In the original Greek “oikos” means,”house”. So ecology is “the study of the house” theplace where you live, or the environment whichtechnically includes all those factors, both nonlivingand living, that affect an organism. Ecology then isthe study of the interactions of organisms in theirenvironment includes both the living (biotic) andphysical (abiotic) factors of the environment. It’salso the science, which formulates and testshypotheses about environment. Ecology is therelationships, identification and analysis ofproblems common to all areas. Ecology studiesthe population and the community, evaluates causeand effects of the responses of populations andcommunities to environmental change.
POPULATIONS The population is defined as anassemblage of individuals of a single species thatlive in the same place at the same time. Also,biologists add an additional condition: theindividuals in a population must interact with eachother to the point of being able to interbreed.
Population is important to understanding manyimportant ecological and evolutionary phenomena.
Ecologists can use information from populationecology to predict the success of a given speciesor assemblage of species. One attribute ofpopulations that is observed in nature is theirdispersion, or the way in which individuals aredistributed in a given area. Typically, biologistsrefer to three types of dispersion: – Clustered(aggregated), Regular (evenly spaced), Random(irregularly spaced) Populations showing aclustered pattern are common in nature and arefound among many different types of organisms.
Clustered dispersion patterns are often due toenvironment heterogeneity. Regular dispersionpatterns are relatively rare in nature and occurwhen a resource is scarce. A good example ofregular spacing occurs in animals that exhibitterritoriality, a phenomenon in which animalsestablish an area for themselves and fight off allother individual seeking to invade that area.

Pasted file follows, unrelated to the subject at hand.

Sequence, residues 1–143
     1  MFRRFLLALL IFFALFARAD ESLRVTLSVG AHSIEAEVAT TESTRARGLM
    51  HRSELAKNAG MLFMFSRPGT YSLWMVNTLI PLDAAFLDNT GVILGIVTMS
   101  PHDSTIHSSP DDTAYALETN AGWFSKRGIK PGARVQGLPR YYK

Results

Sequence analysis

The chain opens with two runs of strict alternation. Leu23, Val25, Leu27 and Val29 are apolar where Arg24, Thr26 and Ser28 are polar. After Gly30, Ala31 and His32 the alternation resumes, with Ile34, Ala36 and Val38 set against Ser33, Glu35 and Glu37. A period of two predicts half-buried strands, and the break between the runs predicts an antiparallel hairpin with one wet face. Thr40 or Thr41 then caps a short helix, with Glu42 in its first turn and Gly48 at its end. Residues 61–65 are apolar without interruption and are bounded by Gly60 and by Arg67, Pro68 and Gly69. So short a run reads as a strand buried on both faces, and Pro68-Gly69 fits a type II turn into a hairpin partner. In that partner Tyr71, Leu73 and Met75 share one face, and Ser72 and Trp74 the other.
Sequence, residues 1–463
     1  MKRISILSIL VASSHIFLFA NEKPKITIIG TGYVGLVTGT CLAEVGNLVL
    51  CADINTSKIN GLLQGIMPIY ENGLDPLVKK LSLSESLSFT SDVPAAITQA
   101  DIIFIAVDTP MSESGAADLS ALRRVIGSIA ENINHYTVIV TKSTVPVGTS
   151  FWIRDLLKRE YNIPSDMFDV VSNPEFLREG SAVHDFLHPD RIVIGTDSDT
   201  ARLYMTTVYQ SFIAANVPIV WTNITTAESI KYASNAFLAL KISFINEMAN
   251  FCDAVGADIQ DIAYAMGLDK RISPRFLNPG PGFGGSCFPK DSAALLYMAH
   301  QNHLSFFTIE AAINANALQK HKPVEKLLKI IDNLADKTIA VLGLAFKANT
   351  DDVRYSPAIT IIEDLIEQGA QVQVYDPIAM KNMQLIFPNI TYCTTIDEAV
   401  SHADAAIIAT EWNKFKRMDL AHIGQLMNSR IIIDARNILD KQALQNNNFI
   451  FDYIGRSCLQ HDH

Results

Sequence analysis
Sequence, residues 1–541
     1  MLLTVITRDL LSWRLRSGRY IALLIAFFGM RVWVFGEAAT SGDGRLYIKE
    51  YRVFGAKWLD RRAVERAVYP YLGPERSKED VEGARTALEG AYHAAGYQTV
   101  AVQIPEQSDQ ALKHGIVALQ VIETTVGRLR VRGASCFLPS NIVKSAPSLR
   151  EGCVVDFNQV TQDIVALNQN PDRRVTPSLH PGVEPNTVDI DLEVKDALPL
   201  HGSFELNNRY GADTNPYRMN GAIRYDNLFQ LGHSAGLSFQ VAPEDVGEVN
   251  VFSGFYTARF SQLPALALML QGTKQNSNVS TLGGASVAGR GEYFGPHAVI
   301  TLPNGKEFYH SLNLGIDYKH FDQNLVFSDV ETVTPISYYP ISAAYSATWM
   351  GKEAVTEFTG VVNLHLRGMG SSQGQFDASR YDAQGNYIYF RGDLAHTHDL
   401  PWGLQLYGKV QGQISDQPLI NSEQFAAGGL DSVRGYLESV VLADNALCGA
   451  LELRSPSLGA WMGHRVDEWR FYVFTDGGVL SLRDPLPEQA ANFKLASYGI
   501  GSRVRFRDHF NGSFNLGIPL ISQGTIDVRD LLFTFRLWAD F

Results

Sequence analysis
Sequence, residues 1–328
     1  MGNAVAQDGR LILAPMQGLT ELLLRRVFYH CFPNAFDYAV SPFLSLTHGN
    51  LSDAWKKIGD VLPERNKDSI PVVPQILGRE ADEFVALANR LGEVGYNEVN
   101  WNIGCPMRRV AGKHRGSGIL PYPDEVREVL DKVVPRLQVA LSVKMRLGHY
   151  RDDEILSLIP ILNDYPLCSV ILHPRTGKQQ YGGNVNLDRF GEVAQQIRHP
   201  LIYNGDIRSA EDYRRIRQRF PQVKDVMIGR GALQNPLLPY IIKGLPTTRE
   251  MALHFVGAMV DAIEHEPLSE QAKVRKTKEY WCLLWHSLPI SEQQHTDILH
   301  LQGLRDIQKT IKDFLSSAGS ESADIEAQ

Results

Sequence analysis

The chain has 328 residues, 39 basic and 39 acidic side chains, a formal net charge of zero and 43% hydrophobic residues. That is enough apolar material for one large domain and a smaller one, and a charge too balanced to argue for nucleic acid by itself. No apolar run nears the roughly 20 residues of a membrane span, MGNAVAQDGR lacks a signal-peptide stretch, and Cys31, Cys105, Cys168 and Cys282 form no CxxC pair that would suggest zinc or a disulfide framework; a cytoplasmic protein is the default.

Regular dispersion patterns can also be observedin plants. Random patterns can be found in avariety of organisms (trout in lake or maple trees ina forest). Regardless of which organisms, thenumber of births almost always has the potential tobe greater than the number of deaths. In otherwords populations of all species have the capacityto grow. That property is crucial importance to thesuccess of all species. However, all species willnot increase under all circumstance, but insteadthey can, given appropriate conditions. There aretwo models of population growth: the exponentialmodel and the logistic model. One of the mostbasic models of population biology is theexponential growth equation, which is: )N/)t =rmaxN This equation states that, in a growingpopulation, the rate of change in population size isdetermined by the maximal intrinsic rate ofincrease (rmax) multiplied by the number ofindividuals in that population (N). If a populationgrowth very quickly we called that an exponentialincrease and its growth curve has a J-chapedcalled J-chaped curve. A population cannotcontinue to grow indefinitely because this equationcontains additional term called the carryingcapacity (K) which is not fixed, but carryingcapacity is constantly affected by many factors,both biotic (living) and abiotic (non-living). Thelogistic population growth predicts thatpopulations will grow rapidly at first. However, asthe number of individuals in the population (N)approaches the carrying capacity (K), thepopulation growth rate eventually slows to zero,and the population stabilize at K. The result is asigmoidal or S-shaped curve which is oftendivided into three phases: the first is called the lagphase (the period of slow growth that occurswhen population numbers are low). The second isthe log phase, which occurs when growth rateaccelerates and becomes relatively rapid. Thethird is the saturation phase, during whichpopulation growth decelerates as N approachesK. All species have a well-defined life history thatinvolves a beginning of life, a juvenile andreproductive phase and death. There are twoimportant parameters of a population: survivorship(how long one live) and fecundity (how manyoffspring one leaves). Survivorship is the numberstill living at the beginning of each age interval. Thenumber of deaths determines the death rate duringa given period of time divided by the number stillliving at the beginning of the time period.